3. Outreach must be grounded in the Deuteronomic command to “love God” and to “love your neighbor.” Jesus taught that these two commandments summarized all the Law and the Prophets. In other words, all we need to know and practice as followers of Jesus is love for God and love for others.

4. Outreach ends do not justify unscrupulous means. Evangelism methodologies continue to struggle with the idea that Christians must do “whatever it takes” to reach the world for Christ. However, the means we use to reach the world must be consistent with the message we present to the world. Christians cannot trick, deceive, misrepresent or mislead others into the Kingdom of God. Neither can we buy the attention of non-Christians through games of chance, lucky numbers, or attendance incentives. Jesus fed people, but he fed them after they listened all day, not to get them to listen.

5. Finally, although this is the first ethical principle, outreach must be modeled on the Trinitarian action of God the Father, Son, and Holy Spirit. The theology of the Triune God must inform our purpose, our practice, and our presence to those who do not know the good news of God. Trinitarian outreach is characterized by love, self-giving, incarnation, sacrifice, humility, patience, winsomeness, and hospitality.

Pastors and church leaders are assailed weekly with the news that church attendance is declining, baptisms are at all-time lows, and young adults are leaving the church in droves. That news, distressing as it may be, cannot become the pretext for desperate and unethical outreach strategies that discredit the Gospel and further damage the reputation of the Church of Jesus Christ.

New Lift Makes Our Sanctuary Accessible

New lift makes our sanctuary accessible to those with mobility difficulties.
New lift makes our sanctuary accessible to those with mobility difficulties.

Our church recently installed a lift at the entrance from our educational/office  building into the sanctuary. This is the entrance to the sanctuary most of our members use on Sunday mornings, especially if they attend Sunday School. Although we have a wheelchair ramp at the front entrance of the church, and an elevator at the rear entrance, the 7-steps between the ed building and the sanctuary posed a barrier to those in wheelchairs or those unable to climb stairs easily.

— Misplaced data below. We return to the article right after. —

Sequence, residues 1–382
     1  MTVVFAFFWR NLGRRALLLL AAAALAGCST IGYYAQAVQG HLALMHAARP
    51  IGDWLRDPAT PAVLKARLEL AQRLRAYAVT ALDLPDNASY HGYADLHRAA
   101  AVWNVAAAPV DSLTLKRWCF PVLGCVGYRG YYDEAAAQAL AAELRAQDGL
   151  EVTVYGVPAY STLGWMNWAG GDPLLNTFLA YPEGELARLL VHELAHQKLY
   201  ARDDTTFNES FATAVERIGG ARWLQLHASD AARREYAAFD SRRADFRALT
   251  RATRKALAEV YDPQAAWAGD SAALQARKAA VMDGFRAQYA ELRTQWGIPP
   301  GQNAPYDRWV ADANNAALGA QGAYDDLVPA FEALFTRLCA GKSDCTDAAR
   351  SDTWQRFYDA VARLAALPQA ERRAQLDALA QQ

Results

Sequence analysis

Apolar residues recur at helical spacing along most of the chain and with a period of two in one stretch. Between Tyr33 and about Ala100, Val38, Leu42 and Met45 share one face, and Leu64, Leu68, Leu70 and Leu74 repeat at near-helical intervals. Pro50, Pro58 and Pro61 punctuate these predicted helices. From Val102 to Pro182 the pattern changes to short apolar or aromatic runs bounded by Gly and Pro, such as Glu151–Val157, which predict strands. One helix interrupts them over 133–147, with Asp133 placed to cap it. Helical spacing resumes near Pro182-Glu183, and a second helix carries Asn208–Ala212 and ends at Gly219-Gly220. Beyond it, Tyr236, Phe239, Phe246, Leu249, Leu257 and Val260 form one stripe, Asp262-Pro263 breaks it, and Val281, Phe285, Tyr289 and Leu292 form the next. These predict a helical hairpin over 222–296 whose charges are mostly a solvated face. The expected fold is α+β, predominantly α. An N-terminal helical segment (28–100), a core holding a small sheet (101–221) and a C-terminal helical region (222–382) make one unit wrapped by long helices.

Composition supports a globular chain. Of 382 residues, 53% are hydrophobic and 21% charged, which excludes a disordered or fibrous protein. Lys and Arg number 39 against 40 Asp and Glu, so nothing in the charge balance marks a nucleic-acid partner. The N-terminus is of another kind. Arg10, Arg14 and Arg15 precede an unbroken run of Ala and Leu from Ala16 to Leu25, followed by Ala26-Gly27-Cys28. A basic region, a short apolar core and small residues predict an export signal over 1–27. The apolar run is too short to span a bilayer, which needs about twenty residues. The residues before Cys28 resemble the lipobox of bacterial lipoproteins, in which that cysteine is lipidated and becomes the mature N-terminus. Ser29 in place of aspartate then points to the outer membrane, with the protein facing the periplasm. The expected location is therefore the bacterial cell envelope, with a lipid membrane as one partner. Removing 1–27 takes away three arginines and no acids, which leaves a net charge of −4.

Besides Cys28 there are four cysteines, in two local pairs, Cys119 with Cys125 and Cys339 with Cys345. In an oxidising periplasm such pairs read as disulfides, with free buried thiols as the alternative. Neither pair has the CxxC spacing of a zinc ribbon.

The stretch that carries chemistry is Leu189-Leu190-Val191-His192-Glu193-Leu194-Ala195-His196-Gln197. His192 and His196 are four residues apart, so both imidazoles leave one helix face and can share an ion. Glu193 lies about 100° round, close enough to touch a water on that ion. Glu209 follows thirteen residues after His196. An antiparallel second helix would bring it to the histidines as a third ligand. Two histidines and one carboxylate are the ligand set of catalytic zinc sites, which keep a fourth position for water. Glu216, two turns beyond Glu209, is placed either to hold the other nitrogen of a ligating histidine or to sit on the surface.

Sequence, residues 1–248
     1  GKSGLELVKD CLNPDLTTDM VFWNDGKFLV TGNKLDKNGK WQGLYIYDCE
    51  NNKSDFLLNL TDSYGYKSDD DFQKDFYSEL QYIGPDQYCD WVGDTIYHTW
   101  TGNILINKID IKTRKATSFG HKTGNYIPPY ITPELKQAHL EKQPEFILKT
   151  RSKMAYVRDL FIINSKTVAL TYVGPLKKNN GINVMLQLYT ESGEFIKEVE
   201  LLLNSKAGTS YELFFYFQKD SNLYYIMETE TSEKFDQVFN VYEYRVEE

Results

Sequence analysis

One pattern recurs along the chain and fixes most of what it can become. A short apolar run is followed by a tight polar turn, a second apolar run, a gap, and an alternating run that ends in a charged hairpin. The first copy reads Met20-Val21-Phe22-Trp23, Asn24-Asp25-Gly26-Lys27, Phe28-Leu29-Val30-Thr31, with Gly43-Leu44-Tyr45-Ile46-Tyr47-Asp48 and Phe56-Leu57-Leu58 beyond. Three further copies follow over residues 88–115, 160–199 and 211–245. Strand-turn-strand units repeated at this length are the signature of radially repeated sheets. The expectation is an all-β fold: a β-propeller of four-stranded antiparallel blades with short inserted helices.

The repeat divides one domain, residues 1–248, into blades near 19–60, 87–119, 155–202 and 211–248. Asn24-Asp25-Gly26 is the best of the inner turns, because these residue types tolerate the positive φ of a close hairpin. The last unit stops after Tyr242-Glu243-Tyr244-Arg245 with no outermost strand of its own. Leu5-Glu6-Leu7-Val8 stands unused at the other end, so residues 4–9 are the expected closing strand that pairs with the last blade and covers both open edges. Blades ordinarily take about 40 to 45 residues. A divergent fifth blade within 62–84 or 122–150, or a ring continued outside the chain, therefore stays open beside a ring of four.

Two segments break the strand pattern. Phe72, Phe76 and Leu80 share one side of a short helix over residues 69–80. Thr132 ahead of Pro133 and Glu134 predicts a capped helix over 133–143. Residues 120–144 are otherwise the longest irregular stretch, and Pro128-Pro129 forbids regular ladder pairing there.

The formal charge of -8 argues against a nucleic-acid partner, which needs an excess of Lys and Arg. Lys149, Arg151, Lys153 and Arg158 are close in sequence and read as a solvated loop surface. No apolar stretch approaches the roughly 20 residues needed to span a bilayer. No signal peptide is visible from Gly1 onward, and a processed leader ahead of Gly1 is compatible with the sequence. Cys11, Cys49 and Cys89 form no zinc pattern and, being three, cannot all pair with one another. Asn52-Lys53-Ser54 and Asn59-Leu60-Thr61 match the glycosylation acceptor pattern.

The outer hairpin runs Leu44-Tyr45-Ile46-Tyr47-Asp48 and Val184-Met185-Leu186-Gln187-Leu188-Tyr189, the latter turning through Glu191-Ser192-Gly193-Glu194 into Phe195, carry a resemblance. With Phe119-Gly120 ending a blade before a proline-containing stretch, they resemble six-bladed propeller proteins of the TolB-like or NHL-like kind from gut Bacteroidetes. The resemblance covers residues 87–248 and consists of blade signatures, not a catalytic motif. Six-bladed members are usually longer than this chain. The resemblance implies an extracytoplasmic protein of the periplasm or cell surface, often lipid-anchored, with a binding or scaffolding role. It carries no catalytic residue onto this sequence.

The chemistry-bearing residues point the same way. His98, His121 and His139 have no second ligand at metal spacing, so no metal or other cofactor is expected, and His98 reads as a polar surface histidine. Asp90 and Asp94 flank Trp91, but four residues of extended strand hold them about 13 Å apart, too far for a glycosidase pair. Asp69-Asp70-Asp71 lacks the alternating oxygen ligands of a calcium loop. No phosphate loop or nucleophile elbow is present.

Our lift project took about a year from the time our Building and Grounds Committee began studying the feasibility of installing a lift at this entrance. The challenge was to cut through the solid masonry wall which separated the ed building from the sanctuary. To support the new opening, the contractor had to install a couple of steel beams, and do a lot of reframing under the lift location as well. The total cost for the project including demolition, remodeling to accommodate the lift, the lift and installation, and new floor and wall finishes was about $70,000. We have a three-year note, but hope to pay off the project

Entrance to the sanctuary before remodeling to install the new lift.
Entrance to the sanctuary before remodeling to install the new lift.

well in advance of that.

Our church is now 100% compliant with the Americans With Disabilities Act, and all buildings and restrooms are equipped appropriately for wheelchair accessibility. For us, doing the work necessary to welcome all persons regardless of their mobility issues was important for our ministry to the community. What challenges is your church facing in welcoming and accommodating persons with mobility issues?

6 Dramatic Trends Churches Are Ignoring

Despite the adoption of coffee bars, powerpoint presentations, and full-stage lighting, churches are seldom on the cutting edge when it comes to addressing demographic trends.  Here are six dramatic trends that are not being addressed adequately by local churches, church networks, or denominations.

If we continue to ignore these trends for another decade, churches will continue to see an erosion of members, attendance, and relevance in a rapidly changing American culture.